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Late Antiquity: A Guide to the Postclassical World (Harvard University Press Reference Library) Hardcover – December 18, 1999

ISBN-13: 978-0674511736 ISBN-10: 0674511735 Edition: First

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Late Antiquity: A Guide to the Postclassical World (Harvard University Press Reference Library) + The World of Late Antiquity: AD 150-750 (Library of World Civilization) + The Later Roman Empire: A.D. 354-378 (Penguin Classics)
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Product Details

  • Series: Harvard University Press Reference Library (Book 9)
  • Hardcover: 802 pages
  • Publisher: Belknap Press; First edition (December 18, 1999)
  • Language: English
  • ISBN-10: 0674511735
  • ISBN-13: 978-0674511736
  • Product Dimensions: 1.8 x 8.8 x 11 inches
  • Shipping Weight: 3.9 pounds (View shipping rates and policies)
  • Average Customer Review: 4.0 out of 5 stars  See all reviews (12 customer reviews)
  • Amazon Best Sellers Rank: #969,259 in Books (See Top 100 in Books)

Editorial Reviews

Amazon.com Review

Late antiquity--that period of history between 250 and 800 C.E.--was a unique and notable era, when the Roman and Sassanian empires spanned a great arc from the Atlantic coasts of Europe and Morocco across the Mediterranean, into the Balkans, and through the Middle East as far as Afghanistan. Historians have tended to dismiss this era as the decline and fall, and little more. In contrast, the editors of Late Antiquity (all esteemed professors at Princeton) make a great case for this era as the source from which our modern culture sprung. During that time, Constantinople and Baghdad came into being, and paganism took hold of people's imaginations so strongly that it's still with us today. "Much of what was created in that period still runs in our veins," they say, such as the codification of Roman law, the Jewish Talmud, the basic structure and doctrine of the Christian church, and the birth of Islam.

There are learned essays on topics such as Islam, the Christian triumph, and sacred landscapes; habitat, war, and violence; and empire building; as well as a timely piece on barbarians and ethnicity. But these essays, fine though they are, make up but a small fraction of the volume. The lion's share belongs to the alphabetical guide, an A-to-Z encyclopedia of more than 500 entries on items such as almsgiving, angels, bathing, circus factions, contraception, eunuchs, dendrites, Huns, monks, prayer, and pornography. With erudition and clarity, these editors redefine late antiquity, and provide a remarkable source of information for students, sages, history buffs, and antiquity enthusiasts. --Stephanie Gold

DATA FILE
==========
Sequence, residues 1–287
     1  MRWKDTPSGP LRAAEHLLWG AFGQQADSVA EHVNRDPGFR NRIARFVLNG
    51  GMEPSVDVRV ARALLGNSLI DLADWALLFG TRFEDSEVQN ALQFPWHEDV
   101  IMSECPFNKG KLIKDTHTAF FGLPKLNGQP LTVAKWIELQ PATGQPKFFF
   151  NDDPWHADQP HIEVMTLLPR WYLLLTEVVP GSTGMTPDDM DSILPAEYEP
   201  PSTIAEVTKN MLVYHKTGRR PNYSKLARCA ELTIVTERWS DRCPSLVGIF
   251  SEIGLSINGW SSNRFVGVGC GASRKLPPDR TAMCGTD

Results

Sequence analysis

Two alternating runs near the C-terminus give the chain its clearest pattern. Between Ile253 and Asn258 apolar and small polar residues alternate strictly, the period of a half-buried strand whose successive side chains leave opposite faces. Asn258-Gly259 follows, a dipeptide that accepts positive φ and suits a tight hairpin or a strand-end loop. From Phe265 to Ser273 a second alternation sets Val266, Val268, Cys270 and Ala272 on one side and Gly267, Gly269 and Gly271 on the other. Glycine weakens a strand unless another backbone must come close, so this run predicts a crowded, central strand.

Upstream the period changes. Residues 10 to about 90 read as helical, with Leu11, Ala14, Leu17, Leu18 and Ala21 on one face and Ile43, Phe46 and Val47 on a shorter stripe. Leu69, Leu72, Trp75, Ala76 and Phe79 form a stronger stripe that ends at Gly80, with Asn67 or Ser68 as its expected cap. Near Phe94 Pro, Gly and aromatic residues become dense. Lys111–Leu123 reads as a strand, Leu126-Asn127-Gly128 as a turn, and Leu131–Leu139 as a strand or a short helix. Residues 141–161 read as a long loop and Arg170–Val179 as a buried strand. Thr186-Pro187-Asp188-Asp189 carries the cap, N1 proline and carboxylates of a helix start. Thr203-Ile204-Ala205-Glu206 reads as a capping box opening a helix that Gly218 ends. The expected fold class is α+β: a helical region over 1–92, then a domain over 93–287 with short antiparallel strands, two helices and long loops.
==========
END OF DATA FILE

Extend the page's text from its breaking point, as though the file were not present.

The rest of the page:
From Library Journal

The editors of this work, all Princeton scholars, have accomplished a worthy goal in broadening our understanding of a significant period of history; through inclusion of the early expansion of Islam, they have extended late antiquity by some 150 years. Their new time line begins around 250 C.E., when the Roman Empire was in crisis and the Sassanians, a militant new dynasty, had arisen in Iran. By 313, the Roman Empire's civil and military institutions had been totally transformed, and a strong central goverment with imperial aspirations had also altered Iran and Iraq. By the year 800, the Church in Europe drew its organization from the civil institutions of the late Roman Empire, the Islamic Caliphate of the Abbasids had adopted the court ceremonies of the Sassanians to reinforce their authority, and Byzantium was ruled by the direct successors of Caesar Augustus. Making extensive use of new archaeological discoveries, this work challenges old assumptions and should help renew interest in this era. Highly recommended for academic and large public libraries.ARobert James Andrews, Duluth P.L., MN